Economic Recovery Is Now Up To Us

Isaiah J. Poole

Today, President-elect Barack Obama laid out the framework for his economic recovery plan and made the case for why Congress must “move as quickly as possible on behalf of the American people” to get a recovery plan passed, “working weekends if necessary,” he added, to get it done.

Now it’s our turn to push Congress to pass the kind of strategic, substantial and sustained economic recovery plan that the country needs. We need to be the wind at Obama’s sails, moving him and Congress to be unflinching in responding to the crisis with what working people need to get back on their feet.

That’s why we’re asking people to send a letter to their member of Congress today to ask that member to act urgently and to “not allow the bill to be weakened by conservative delaying tactics.”

What Obama sketched out today mirrors the priorities we set in our own Main Street Recovery Program, which not only called for short-term measures to create jobs, forestall home foreclosures and to stimulate business demand, but called for the long-term investments and reforms that are necessary to prevent a recurrence of the crisis we’re facing today.

It is true that Obama did not lay out specifics today. In fact, in an interview with John Harwood of The New York Times and CNBC on Wednesday, he said that he is leaving room for Congress to grow the package that he will propose. But, as he stressed today, it should not be grown with special interest goodies, but with the kinds of measures necessary to make sure that states can continue to provide vital services, that social safety nets are not harmed and that we can make a down payment on the development of the new energy technologies and new infrastructure we will need for our future prosperity.

“It is time to set a new course for this economy, and that change must begin now,” Obama said today. The mid-February deadline that Democratic leadership has set for getting a recovery package on the president’s desk is already a retreat from what we would have liked to see, which was a package that Obama could sign hours, if not days, after being sworn in. But it is apparent that even meeting that less ambitious deadline will be made difficult by Republican obstructionists. Less than two hours after Obama’s speech, the new chairman of the ultraconservative Republican Study Committee, Rep. Tom Price, R-Ga., issued a screed that began:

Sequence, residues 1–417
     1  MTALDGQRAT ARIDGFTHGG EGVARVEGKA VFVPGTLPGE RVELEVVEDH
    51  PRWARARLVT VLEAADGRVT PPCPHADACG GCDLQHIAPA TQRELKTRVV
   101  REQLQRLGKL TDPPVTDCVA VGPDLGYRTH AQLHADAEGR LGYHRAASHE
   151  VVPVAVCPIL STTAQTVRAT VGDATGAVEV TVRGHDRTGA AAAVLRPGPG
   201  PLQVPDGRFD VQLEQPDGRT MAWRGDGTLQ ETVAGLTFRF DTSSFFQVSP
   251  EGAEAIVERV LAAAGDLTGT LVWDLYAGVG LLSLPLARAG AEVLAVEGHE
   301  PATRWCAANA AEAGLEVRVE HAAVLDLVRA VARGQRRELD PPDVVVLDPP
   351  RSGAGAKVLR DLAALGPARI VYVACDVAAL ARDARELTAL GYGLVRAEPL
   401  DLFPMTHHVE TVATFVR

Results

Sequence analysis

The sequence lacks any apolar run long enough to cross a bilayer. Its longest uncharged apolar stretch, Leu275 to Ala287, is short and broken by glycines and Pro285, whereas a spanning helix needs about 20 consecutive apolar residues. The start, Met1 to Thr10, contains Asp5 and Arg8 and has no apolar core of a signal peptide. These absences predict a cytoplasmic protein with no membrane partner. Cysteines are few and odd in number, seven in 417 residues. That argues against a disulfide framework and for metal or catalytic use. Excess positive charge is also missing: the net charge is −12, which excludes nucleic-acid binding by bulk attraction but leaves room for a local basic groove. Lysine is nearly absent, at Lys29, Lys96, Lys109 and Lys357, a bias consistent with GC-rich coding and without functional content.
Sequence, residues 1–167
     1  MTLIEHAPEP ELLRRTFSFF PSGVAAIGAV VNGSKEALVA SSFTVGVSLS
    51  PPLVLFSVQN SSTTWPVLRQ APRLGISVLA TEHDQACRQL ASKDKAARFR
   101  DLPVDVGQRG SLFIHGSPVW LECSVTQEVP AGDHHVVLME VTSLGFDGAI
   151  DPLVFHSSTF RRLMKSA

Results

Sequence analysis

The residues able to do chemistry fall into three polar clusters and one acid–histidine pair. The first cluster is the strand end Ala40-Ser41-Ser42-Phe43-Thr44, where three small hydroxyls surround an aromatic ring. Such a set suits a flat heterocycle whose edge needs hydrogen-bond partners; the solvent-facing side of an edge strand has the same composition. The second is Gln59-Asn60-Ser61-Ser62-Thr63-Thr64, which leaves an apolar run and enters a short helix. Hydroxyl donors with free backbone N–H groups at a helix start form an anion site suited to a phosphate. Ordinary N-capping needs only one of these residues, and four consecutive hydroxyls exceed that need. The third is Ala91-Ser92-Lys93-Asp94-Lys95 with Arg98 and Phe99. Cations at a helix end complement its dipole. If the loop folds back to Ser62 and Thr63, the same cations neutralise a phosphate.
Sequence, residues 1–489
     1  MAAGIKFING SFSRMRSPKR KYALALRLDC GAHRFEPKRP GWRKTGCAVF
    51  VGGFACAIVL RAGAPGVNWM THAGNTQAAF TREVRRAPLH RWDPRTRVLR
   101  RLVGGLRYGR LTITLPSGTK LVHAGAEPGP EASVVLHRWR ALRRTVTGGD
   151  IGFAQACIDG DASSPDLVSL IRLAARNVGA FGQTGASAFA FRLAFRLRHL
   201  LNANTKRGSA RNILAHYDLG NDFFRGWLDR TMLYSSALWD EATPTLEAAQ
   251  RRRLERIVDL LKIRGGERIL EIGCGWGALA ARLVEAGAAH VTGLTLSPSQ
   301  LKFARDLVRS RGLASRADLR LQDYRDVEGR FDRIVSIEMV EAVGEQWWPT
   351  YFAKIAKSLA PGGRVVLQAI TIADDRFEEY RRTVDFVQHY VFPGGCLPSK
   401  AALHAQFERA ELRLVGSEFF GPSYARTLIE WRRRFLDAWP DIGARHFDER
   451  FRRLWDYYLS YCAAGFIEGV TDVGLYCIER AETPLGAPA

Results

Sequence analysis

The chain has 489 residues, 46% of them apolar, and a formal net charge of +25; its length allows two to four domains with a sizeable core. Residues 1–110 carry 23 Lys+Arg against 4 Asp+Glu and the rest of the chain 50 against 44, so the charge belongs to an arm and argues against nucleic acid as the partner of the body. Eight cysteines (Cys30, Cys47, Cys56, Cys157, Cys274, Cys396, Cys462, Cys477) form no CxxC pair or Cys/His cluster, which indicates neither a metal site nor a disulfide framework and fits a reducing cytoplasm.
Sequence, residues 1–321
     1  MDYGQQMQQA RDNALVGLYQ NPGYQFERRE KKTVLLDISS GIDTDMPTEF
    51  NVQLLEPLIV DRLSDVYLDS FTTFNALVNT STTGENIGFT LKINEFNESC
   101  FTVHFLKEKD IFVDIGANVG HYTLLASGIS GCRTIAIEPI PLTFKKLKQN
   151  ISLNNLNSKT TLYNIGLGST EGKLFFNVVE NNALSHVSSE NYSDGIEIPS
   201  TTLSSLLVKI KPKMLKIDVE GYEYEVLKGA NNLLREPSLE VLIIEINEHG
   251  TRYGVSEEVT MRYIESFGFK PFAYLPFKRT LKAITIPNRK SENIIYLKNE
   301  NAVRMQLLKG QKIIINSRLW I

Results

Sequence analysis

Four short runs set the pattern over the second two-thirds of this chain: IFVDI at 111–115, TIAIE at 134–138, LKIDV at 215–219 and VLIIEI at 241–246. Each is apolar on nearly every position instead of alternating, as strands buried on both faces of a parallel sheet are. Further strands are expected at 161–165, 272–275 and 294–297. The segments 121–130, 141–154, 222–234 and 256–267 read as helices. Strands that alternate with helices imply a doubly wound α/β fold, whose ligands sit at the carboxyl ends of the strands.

On the heels of proposing a record-shattering stimulus package that could cost taxpayers upward of $1 trillion, President-elect Barack Obama warned of a “very sick” economy and a spiraling federal deficit that will reach $1.2 trillion in 2009. These figures prompt the question: with unrestrained government spending already resulting in an egregious deficit, why do the incoming President and his Democratic allies in Congress want to attempt to solve the problem by throwing more federal money at it?

Obama more than adequately addressed that question when he said:

It is true that we cannot depend on government alone to create jobs or long-term growth, but at this particular moment, only government can provide the short-term boost necessary to lift us from a recession this deep and severe. Only government can break the vicious cycles that are crippling our economy – where a lack of spending leads to lost jobs which leads to even less spending; where an inability to lend and borrow stops growth and leads to even less credit.

True to form, Price and the RSC have no effective rebuttal to that point.

We’ll need to fire back against arguments like these for delay, for timidity, for more of the right-wing status quo.

Over the next few weeks, we will be initiating a series of actions designed to do for Obama and this Congress what a people’s movement helped do to push Roosevelt and Congress into the New Deal. The first step is to flood members of Congress with our grass-roots call for boldness.

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